In this July 26, 2010 photo, performer Aretha Franklin looks out a window, in Philadelphia. Franklin says she believed Whitney [auth] Houston had overcome her demons and was primed for a comeback, which made learning of the troubled singer’s death all the more of a shock. Interviewed on NBC’s “Today” show Friday, Feb. 17, 2012, Franklin said she was watching TV in her hotel room in Charlotte, N.C., when she learned of Houston’s death. (AP Photo/Matt Rourke)
NEW YORK (AP) — Aretha Franklin was thankful to be alive and was thinking about lost friends, among them Whitney Houston.
Hours after she canceled an appearance at Houston’s funeral because of spasms in her legs, the “Queen of Soul” (the “undisputed” Queen, the capacity audience was reminded by the show’s announcer) was quick on her feet, feisty in voice and sentimental and sassy in spirit at Radio City Music Hall on Saturday night. It was the latest stop on a “greatest hits” tour featuring old favorites and, since Houston’s shocking death a week ago, a tribute to the fallen singer. Franklin is close to Houston’s family, and she said Houston called her “Aunt Ree.”
Franklin herself was rumored a year ago to be mortally ill, hospitalized with an undisclosed illness and asking her fans worldwide to pray for her health. On Saturday, the 69-year-old looked young enough to joke about a man who had mistaken her for being in her 50s. She danced and shimmied, kicked off her heels and paced the stage barefoot, and even smirked and gave herself a couple of satisfied pats on the rear.
She looked back over a 50-year career and those who helped her along. Franklin praised the late Luther Vandross as she kicked off the R&B hit he co-wrote for her, “Get It Right.” She introduced her most heartbreaking ballad, “Ain’t No Way,” with a brief word about her sister and the song’s composer, Carolyn Franklin, who died in 1988. She sang the title from the classic Motown anthem of devotion, “You’re All I Need To Get By,” and two giant flat screens on opposite sides of the stage flashed a picture of one of the writers, Nick Ashford, who died last summer. Franklin then called out to Ashford’s widow and songwriting partner, Valerie Simpson, among several friends and family members in attendance.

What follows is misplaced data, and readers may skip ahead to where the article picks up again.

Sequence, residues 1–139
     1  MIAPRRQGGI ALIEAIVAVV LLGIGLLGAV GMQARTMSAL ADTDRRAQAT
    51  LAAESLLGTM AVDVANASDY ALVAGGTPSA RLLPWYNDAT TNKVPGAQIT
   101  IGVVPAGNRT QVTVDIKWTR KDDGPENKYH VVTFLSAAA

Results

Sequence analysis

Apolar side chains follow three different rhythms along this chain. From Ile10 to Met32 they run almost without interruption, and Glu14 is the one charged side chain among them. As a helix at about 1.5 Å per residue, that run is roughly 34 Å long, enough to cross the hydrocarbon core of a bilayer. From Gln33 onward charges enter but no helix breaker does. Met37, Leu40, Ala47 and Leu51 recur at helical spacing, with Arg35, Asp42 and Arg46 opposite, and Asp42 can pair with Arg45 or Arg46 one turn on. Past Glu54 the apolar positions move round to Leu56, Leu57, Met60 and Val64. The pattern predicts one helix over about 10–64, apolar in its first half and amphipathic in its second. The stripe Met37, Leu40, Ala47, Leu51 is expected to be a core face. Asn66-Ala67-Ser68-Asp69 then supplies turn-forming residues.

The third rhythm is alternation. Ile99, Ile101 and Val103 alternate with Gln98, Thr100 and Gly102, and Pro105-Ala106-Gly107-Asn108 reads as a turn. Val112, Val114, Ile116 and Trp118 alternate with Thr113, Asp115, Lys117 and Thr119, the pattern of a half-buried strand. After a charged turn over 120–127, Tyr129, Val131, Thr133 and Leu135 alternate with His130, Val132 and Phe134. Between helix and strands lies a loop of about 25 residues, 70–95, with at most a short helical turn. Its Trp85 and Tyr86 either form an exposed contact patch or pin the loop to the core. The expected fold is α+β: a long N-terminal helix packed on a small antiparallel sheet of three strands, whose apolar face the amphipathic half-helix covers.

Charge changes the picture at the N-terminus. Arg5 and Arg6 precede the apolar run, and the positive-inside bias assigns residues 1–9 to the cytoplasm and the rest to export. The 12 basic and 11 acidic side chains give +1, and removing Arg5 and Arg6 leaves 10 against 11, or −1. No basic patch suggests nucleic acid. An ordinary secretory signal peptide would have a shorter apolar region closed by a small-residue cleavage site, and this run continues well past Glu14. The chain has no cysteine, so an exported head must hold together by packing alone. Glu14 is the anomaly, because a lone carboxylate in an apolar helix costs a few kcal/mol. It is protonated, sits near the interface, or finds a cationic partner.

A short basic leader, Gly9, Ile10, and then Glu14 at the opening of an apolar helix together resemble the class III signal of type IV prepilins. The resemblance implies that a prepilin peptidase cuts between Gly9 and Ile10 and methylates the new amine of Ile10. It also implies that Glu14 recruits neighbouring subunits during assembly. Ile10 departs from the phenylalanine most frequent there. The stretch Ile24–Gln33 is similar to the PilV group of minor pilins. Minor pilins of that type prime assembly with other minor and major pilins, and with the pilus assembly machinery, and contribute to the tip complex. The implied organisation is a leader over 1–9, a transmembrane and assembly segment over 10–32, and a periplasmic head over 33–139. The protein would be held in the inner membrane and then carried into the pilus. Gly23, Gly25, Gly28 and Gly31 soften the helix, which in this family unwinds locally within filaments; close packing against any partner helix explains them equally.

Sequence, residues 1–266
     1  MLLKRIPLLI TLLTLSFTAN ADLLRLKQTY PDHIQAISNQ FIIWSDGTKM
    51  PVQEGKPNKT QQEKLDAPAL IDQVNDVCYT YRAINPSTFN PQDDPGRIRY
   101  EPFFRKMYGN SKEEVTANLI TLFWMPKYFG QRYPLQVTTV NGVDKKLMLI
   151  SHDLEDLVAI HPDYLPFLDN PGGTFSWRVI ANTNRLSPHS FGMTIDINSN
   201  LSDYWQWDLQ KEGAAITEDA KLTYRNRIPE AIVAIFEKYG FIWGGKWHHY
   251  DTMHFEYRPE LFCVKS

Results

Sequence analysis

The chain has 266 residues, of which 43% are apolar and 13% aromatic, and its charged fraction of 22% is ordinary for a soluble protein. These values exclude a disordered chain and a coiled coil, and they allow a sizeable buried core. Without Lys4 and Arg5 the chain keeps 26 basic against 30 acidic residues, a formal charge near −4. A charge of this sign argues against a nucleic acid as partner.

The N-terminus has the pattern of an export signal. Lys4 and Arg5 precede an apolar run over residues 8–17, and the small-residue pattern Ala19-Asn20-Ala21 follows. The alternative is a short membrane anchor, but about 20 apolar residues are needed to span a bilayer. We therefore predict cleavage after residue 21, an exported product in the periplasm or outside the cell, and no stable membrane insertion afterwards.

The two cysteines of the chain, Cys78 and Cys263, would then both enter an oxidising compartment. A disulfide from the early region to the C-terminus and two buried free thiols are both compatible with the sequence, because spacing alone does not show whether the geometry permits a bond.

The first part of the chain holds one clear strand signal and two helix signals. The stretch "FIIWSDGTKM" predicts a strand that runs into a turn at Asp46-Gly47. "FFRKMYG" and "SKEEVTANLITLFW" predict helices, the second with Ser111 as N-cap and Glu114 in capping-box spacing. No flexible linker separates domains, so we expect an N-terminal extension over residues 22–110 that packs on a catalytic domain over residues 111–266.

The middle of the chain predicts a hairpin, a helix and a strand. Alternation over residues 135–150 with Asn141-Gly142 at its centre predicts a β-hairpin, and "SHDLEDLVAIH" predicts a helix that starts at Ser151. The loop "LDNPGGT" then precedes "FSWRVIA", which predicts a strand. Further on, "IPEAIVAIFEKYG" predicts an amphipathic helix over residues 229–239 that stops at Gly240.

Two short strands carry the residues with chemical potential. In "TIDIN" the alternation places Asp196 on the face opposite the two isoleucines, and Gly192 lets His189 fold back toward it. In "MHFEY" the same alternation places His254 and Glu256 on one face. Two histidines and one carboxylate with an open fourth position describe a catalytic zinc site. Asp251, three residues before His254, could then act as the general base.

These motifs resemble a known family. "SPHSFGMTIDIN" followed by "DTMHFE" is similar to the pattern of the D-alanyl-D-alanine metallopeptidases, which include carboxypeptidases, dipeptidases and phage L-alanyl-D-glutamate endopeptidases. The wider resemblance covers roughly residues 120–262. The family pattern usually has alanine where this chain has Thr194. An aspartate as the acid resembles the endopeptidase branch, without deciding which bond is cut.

Houston’s turn came during the second half of the roughly 100-minute concert, after Franklin had changed from a glittery green and silver caftan into a caftan of white and gold, and settled behind the piano and sketched out the words and melody to “I Will Always Love You.” Softening Houston’s all-time power ballad into a light, gospel reverie, Franklin paused to acknowledge the “homegoing” of “Nippy,” Houston’s nickname: More formally, “Miss Whitney Elizabeth Houston.”
“She was a very fine young lady” and “one of the best, greatest singers,” said Franklin, breaking back and forth between melody and spoken word, behind song and sermon. “She was giving, gave so much of herself.”
“God bless you, Nippy,” she concluded. “We’ll always remember.”
But no one, Houston included, has displaced Franklin at the top. No one would dare. Backed by a sprawl of percussionists, horns, keyboards, singers and dancers, she has absorbed and mastered so many styles, from pop and gospel to soul and jazz, that she can hold entire traditions within a single song. And she remains fearless about shaking up standards. Her breakthrough smash from 1967, “I Never Loved a Man (The Way I Love You)” was changed from a smoldering ballad into a bluesy vamp. Franklin worked in a few digs about womanizing into the otherwise despondent “Ain’t No Way” and stretched and scatted the words to “(You Make Me Feel Like) A Natural Woman.”
She had come to celebrate, to sell (Franklin urged the crowd, twice, to go to Walmart and buy her latest record) and to heal. “I hope that there’s something I will sing, or I have sung, that will lift all of our heavy hearts today,” she said near the beginning of the show.
The answer was obvious, especially after the closing numbers: an explosive “Spirit in the Dark,” with Franklin leading the charge on piano; and the essential finale, “Respect,” with a cameo from the Rev. Al Sharpton, who pulled off some James Brown strides, and even a few nimble steps from the Queen herself, whose heart and legs seemed to have lightened as she left the stage.